Education level was ascertained by asking, “What was the highest grade in school or year of college that you have completed?” Educational status was categorized as 8 years or less, 9–11 years, 12 years, or greater than 12 years. These cutpoints were chosen for years of education because the cohort was attending school at the time when public schools were segregated and there were no public high schools in Baltimore County that African Americans could attend. Marital status was classified as married, widowed separated/divorced, or never married. Self-efficacy was included because of the positive effect it had been shown to have on health decisions, such as task modification (17,18). Self-efficacy was ascertained by asking “Do you, in general, feel helpless,” with responses ranging from strongly disagree, disagree, and agree to strongly agree (17). Race and history of physicians’ diagnosis of 14 selected chronic diseases were obtained through self-report (19). Race was binary (African American or white). Count of chronic diseases was treated as continuous data. There were missing data for income (132 of the total 436). These missing data were imputed by a composite hot-deck method using a regression with variables, such as poverty status, receipt of Medicaid, age, race, and number in household to predict income (20).
Four mobility tasks were the focus of these analyses as self-reported changes in mobility tasks were the primary area of functional change in this initially highly functional cohort. These tasks were walking ½ mile, climbing up steps, doing heavy housework, and getting in/out of a bed or chair. The participants were asked, “For health or physical reasons do you have any difficulty in (doing a specific task).” Then, to identify early functional decrements, we asked each participant, who reported no difficulty, “Have you changed the way or how often you do the task, due to a health or physical condition?” Consistent with previously reported methods (12), each task consists of three levels of mobility function: (a) task difficulty, (b) no task difficulty but modification of method or change in frequency of task performance, or (c) no task difficulty and no modification. We grouped participants into three mutually exclusive functional groups according to their most impaired response for any of the four mobility tasks. Thus, the participants who reported difficulty with at least one mobility task were categorized as “disability” (DIFFICULTY). Those participants who reported no difficulty in any task but stated that they had modified at least one mobility task in the absence of difficulty were categorized as “preclinical disability for mobility” (PCD). Those participants who reported no difficulty and no task modification for all four tasks were categorized as “high function.”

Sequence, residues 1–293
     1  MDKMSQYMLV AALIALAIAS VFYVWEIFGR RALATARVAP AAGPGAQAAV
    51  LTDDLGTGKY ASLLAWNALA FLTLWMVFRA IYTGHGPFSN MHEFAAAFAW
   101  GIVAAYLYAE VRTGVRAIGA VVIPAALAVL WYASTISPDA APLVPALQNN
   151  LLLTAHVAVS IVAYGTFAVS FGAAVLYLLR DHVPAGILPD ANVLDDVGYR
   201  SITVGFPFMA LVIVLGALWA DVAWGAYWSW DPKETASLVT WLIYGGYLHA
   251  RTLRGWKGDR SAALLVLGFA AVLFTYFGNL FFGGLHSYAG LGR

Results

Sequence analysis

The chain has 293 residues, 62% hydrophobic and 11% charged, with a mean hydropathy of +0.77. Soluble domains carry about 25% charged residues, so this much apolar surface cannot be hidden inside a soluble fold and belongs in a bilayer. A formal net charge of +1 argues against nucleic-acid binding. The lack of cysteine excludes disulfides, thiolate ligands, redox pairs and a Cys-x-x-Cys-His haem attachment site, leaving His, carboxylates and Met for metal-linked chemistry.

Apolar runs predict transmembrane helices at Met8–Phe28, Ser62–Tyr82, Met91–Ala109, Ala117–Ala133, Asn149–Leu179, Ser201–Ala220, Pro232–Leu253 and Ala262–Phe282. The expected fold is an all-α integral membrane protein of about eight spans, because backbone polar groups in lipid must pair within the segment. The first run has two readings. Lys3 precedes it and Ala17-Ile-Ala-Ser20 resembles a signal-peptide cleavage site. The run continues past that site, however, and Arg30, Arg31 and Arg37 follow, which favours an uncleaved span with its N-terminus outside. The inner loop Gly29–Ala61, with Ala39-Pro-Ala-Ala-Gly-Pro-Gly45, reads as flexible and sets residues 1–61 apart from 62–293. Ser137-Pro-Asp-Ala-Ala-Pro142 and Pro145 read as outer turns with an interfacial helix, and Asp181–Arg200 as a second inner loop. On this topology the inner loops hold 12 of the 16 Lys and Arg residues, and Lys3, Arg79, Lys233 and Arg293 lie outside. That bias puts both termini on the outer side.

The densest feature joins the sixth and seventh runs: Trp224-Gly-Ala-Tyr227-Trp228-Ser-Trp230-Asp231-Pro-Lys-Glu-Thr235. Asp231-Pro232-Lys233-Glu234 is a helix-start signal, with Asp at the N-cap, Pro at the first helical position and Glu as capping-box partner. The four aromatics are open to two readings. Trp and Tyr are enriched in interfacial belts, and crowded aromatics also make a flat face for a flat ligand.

Baseline demographic and health-related characteristics for the 436 study participants were summarized and compared by education level at baseline, using the χ2 test for categorical variables and analysis of variance for continuous variables. We used polytomous logistic regression to examine the association between education and PCD at baseline, including all participants (n = 433). To assess the effect of education on incident preclinical mobility disability, we restricted the survival analyses to women who were high function (n = 174) at baseline. There were 21 women (12.1%) who developed disability before PCD and therefore were treated as censored observations in the time-to-event analyses of incident PCD, with the censoring time being the time of onset of difficulty. Kaplan–Meier survival plots were first used to visually assess the crude association between education status and incident preclinical mobility disability or disability over 11 years, with the onset time being the time at which the participant first reported preclinical disability or mobility disability. To account for the fact that the incidence outcomes were ascertained at each scheduled visit rather than on a continuous time scale, we used discrete-time proportional hazards models (22) to analyze the association between education and preclinical disability incidence, adjusting for the same set of covariates used in the cross-sectional analyses. We also tested for a statistical interaction between race and education. All analyses were performed using SAS statistical software, version 9.2.